As such, there isn’t anything in the way of a story arc. Each story, of which there are 3, offers something slightly different. They might not suit everyone’s tastes, but they exemplify different aspects of the Rocketeer‘s long run.
The first story, War Hero, offers more insight into the character. A good introduction for any new reader, it establishes who the Rocketeer is and his position in the world war 2 setting the title is based around.
Moving on, the second story is Cliff Secord, Warlord of Blargon, This is perhaps the one section that stands out the most. More than just the colourful alien landscapes, the humour found within the plot is fantastic. The alien translations, mixed with the Rocketeer’s incorrect understandings, make for a humorous tale from start to finish.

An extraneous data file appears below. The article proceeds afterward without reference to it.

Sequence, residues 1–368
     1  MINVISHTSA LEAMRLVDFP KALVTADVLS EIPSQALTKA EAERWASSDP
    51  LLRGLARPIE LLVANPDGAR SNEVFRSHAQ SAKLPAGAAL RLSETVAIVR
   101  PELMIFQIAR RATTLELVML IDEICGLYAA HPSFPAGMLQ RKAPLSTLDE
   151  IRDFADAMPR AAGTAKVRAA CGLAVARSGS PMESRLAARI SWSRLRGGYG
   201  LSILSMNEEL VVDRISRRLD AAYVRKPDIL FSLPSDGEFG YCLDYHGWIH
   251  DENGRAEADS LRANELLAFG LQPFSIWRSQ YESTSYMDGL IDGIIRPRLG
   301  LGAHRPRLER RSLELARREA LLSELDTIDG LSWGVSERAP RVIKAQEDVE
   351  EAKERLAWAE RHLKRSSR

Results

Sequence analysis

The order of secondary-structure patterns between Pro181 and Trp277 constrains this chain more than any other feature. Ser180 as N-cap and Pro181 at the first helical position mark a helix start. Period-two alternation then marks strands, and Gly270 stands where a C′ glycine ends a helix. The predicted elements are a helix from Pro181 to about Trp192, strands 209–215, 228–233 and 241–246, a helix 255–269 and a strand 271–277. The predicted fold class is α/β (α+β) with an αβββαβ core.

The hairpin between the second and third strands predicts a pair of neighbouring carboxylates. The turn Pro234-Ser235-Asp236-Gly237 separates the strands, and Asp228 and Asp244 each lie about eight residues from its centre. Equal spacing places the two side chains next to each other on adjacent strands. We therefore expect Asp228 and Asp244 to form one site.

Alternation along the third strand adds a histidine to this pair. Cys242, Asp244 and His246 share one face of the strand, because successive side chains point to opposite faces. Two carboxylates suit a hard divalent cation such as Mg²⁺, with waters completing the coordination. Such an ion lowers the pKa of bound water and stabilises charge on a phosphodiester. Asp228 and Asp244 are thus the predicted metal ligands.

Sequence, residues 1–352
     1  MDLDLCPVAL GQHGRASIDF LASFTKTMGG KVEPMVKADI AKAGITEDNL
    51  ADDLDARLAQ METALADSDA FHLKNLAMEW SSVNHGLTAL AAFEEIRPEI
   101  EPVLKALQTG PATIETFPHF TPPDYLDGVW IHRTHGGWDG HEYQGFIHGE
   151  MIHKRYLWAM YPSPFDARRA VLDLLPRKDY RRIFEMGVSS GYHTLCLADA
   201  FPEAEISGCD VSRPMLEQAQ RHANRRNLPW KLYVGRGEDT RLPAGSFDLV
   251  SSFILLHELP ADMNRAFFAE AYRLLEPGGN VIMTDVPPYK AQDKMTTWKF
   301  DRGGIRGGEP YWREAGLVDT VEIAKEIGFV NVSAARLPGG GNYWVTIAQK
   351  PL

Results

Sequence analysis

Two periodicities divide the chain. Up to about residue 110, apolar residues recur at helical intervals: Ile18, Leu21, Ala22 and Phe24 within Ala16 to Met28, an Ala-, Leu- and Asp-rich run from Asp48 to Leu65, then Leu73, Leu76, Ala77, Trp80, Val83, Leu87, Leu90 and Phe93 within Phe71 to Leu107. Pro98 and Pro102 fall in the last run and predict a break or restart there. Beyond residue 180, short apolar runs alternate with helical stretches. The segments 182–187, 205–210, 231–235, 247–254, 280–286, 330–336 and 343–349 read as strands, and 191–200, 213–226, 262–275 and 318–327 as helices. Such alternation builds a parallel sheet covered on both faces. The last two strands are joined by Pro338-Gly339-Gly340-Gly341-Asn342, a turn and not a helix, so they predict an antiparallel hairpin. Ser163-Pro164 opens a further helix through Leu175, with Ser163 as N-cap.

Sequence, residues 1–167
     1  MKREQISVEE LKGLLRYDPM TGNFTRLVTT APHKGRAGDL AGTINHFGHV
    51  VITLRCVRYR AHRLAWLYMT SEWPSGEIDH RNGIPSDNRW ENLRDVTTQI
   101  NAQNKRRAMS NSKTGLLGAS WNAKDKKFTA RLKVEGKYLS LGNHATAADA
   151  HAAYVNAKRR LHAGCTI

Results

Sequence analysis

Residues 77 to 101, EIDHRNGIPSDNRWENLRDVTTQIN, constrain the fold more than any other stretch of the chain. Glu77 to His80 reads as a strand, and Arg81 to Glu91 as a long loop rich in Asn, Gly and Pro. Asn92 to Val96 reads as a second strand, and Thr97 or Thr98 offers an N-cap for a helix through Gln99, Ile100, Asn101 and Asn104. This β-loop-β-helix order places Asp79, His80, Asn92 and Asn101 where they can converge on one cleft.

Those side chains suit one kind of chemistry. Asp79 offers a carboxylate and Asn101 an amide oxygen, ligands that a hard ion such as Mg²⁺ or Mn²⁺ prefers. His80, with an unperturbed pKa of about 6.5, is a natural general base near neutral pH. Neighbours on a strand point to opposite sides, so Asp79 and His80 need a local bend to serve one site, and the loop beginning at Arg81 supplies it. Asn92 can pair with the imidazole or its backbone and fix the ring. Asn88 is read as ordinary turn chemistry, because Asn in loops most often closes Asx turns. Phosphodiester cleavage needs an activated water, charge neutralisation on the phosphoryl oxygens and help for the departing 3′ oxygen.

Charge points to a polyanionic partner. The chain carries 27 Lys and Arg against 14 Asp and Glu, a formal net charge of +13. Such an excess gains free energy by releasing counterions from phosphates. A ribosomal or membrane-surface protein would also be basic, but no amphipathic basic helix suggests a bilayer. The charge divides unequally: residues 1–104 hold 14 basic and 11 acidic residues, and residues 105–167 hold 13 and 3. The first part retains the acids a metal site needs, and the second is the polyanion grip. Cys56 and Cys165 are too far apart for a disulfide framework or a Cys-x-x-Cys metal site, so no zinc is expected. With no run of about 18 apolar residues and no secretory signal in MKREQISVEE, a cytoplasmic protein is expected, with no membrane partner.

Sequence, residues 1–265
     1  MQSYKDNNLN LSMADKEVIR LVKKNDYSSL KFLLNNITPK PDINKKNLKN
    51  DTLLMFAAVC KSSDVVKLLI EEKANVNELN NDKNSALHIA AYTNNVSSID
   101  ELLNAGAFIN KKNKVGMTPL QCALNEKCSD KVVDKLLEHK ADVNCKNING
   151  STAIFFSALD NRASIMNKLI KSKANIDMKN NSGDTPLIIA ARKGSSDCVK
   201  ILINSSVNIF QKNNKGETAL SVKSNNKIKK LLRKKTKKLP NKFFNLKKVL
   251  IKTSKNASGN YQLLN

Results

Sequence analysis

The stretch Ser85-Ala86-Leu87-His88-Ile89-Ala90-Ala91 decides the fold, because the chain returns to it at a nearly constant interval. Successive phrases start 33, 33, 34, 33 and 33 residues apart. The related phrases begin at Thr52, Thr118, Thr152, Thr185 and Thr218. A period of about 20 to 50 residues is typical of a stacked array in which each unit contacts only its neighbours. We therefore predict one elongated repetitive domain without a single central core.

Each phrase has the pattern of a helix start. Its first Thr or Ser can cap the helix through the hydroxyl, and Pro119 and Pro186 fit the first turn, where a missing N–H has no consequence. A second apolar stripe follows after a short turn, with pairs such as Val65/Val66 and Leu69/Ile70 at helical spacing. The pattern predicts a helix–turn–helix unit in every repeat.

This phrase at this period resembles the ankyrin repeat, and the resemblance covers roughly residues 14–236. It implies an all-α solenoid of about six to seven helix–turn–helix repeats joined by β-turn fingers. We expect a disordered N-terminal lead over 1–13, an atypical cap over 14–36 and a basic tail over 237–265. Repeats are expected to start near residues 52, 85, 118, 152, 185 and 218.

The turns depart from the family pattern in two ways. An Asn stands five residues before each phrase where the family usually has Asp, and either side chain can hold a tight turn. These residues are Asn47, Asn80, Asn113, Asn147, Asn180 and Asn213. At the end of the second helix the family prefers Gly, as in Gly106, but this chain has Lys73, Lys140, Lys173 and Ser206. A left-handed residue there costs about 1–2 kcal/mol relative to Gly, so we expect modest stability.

The third story and final story, Fair Game, is more like the first. A traditional Rocketeer plot, it involves the hero saving the day with his jet-pack against another plane. It is eerily similar to the first story in this aspect, but its different enough in its depiction of everything else, showing the Rocketeer much more in his element.
As for the artwork, it does very between the stories. The overall design, however, is good; the Rocketeer always utilised the World War 2 setting to the maximum, with the Rocketeer himself offering just the slightest suggestion of vague steampunk. Its a unique look, and one that has made the Rocketeer so successful.
In short, whether you’re familiar with the character or not, Rocketeer Adventures 2 #4 makes for some excellent light reading.